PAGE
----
Being around nature gives people a good dose of relaxation and calm, but does it really have health benefits? Nature prescription — the recommendation to spend more time with nature — may actually be good for both mental and physical health, a team of researchers found.

For their study, which was published this month in The Lancet Planetary Health, researchers dove deeper into nature prescriptions, which have been "gaining popularity" of late. The idea, they said, was to gather evidence about its effectiveness.

"Extensive evidence indicates contact with nature is associated with good social, mental, and physical health," they wrote. "Nature prescriptions are an adjunct to conventional health care, such as the educational and pharmaceutical treatment of non-communicable diseases. It is widely considered that the benefits of nature prescribing will reach far beyond clinical outcomes, such as increasing social connectedness and pro-environmental behavior."

The researchers looked at 28 studies that tested nature prescriptions in real patients, noted the University of New South Wales (UNSW) Sydney. They found that nature prescriptions indeed have both physical and mental health benefits.

For instance, it resulted in an increase in daily step counts, had beneficial effects on blood pressure and also improved depression and anxiety scores.

"These interventions were shown to be effective for various age groups, including children and older individuals, and targeted various health conditions, such as cardiovascular conditions, musculoskeletal disorders, and psychiatric disorders," the authors wrote. "In addition, meta-analyses on key outcomes showed benefits to blood pressure, symptoms of depression and anxiety, and physical activity rates."

As for the exact prescriptions, however, the answer is still unclear. But the results of the study bolster the current body of research showing the many benefits of being in contact with nature.

So far, there have been quite a few countries expressing interest and even investing in nature prescriptions, noted UNSW Sydney. This includes the U.K. and Canada, with the former even having invested millions in a "green social prescribing" program.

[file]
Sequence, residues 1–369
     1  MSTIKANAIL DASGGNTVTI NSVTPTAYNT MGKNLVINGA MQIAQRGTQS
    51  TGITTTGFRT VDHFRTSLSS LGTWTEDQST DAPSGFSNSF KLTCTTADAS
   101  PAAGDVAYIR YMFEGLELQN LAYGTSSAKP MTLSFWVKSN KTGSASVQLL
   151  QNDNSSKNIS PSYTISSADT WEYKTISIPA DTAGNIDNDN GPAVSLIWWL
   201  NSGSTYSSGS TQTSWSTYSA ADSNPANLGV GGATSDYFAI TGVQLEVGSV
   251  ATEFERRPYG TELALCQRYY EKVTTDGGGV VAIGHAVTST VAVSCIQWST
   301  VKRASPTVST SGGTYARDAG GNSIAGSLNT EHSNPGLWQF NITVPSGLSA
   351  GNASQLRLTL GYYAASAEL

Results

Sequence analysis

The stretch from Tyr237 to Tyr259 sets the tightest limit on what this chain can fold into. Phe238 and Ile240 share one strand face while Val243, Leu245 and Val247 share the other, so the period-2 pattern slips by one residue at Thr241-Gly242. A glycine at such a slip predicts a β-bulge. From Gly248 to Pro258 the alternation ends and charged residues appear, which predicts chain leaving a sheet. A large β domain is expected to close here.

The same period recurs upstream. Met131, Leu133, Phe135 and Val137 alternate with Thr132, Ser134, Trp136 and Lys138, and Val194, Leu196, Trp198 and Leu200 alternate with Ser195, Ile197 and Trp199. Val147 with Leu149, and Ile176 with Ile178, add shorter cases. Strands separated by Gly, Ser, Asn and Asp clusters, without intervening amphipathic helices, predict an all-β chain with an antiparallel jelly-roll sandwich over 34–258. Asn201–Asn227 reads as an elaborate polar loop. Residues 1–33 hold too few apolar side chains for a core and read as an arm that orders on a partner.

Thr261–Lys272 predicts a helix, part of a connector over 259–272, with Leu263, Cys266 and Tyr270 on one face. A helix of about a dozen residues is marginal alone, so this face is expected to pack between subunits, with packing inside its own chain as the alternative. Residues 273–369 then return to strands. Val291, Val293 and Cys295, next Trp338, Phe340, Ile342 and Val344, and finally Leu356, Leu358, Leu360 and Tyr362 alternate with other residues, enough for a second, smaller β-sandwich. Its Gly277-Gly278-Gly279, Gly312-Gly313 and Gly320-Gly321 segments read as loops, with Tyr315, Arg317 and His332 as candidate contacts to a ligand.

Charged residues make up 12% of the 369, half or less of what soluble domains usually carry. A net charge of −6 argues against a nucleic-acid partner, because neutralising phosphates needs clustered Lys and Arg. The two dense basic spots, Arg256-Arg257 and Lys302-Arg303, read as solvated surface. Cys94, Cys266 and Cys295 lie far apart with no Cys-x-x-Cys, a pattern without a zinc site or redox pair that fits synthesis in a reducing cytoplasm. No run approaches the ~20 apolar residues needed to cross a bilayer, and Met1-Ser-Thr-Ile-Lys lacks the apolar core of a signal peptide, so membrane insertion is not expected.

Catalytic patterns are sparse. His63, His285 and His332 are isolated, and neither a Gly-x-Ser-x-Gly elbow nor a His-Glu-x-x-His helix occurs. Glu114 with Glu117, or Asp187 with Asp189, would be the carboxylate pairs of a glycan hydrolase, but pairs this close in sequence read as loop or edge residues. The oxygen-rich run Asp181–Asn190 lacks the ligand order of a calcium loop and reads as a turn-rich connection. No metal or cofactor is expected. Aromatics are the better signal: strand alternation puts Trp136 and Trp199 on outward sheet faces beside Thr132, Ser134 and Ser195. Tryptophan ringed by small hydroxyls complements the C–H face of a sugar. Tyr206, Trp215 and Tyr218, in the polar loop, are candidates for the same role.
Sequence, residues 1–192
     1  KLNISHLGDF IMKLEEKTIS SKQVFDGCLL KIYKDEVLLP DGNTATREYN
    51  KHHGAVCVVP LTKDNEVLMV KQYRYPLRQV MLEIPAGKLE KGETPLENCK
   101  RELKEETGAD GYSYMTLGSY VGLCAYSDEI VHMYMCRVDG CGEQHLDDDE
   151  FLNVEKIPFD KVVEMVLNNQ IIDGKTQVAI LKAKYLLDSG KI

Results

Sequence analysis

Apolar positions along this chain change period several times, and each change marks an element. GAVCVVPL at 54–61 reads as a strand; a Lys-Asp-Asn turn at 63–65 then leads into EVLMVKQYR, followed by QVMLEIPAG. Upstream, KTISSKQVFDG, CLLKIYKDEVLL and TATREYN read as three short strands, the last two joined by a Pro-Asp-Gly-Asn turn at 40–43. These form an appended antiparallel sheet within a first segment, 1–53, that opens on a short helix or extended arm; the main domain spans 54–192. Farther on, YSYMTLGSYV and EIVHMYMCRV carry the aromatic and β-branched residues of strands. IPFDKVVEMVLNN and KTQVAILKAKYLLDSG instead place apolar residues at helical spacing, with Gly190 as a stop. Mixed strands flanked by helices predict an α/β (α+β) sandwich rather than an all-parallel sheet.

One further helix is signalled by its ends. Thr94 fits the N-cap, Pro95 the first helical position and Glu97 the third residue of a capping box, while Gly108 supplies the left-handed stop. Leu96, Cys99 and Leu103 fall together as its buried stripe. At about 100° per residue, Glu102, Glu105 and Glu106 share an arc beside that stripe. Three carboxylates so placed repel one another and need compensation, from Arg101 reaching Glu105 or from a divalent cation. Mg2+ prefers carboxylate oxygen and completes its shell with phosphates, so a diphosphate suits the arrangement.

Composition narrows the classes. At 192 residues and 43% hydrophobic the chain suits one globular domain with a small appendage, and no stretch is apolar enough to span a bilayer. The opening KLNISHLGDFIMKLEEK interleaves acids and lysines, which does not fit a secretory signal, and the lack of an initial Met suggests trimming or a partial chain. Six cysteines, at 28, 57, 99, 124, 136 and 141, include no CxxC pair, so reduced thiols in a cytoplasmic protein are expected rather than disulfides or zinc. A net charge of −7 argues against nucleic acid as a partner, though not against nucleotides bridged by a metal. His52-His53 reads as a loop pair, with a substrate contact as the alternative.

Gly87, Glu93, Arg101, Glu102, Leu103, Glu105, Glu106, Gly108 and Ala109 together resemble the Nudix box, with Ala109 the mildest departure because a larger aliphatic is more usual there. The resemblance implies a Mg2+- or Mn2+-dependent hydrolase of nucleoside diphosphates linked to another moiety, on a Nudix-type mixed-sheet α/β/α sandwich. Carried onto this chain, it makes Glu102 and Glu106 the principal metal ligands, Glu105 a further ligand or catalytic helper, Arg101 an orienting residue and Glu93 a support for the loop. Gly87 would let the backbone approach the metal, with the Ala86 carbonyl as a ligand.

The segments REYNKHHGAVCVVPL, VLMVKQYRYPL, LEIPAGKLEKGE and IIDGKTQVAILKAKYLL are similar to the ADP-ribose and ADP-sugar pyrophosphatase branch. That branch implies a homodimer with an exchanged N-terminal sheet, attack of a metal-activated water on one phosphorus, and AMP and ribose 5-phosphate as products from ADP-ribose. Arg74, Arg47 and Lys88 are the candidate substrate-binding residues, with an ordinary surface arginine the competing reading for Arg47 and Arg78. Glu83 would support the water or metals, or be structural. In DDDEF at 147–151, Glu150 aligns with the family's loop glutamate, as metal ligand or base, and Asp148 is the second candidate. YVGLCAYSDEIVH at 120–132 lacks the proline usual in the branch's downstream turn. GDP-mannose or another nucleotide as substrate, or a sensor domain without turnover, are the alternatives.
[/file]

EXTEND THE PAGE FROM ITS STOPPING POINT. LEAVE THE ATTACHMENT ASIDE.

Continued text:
Australians are also rather open to the idea, the university noted. Though such "large-scale" nature prescription programs have yet to be implemented in the country, there have been efforts, for instance in Sydney, to improve green cover.

"But even if you have a high-quality green space like a park nearby, it doesn't mean that everyone will visit and benefit from it," research lead, UNSW's Prof. Xiaoqi Feng, said in the university release. "How can we encourage and enable people to (re)connect with nature? That's where the idea of a nature prescription comes in."

As with many healthcare necessities, there is also the important question of access.

Previous research from Prof. Feng and colleagues, for instance, found that low-income communities don't have much access to green space — the same communities that are also at higher risks for chronic health issues.

As nature prescriptions' benefits continue to be highlighted and the practice gains more popularity, there is the hope that these may be thoughtfully done in such a way that everyone will have access to it, not just the ones who can afford it.

"We don't want nature prescriptions to be a luxury item for the rich who already have access to beaches and a lot of high-quality green space," Feng said, adding, "We want these benefits for everyone."

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Pictured: Representation.Kerstin Reimer/Pixabay

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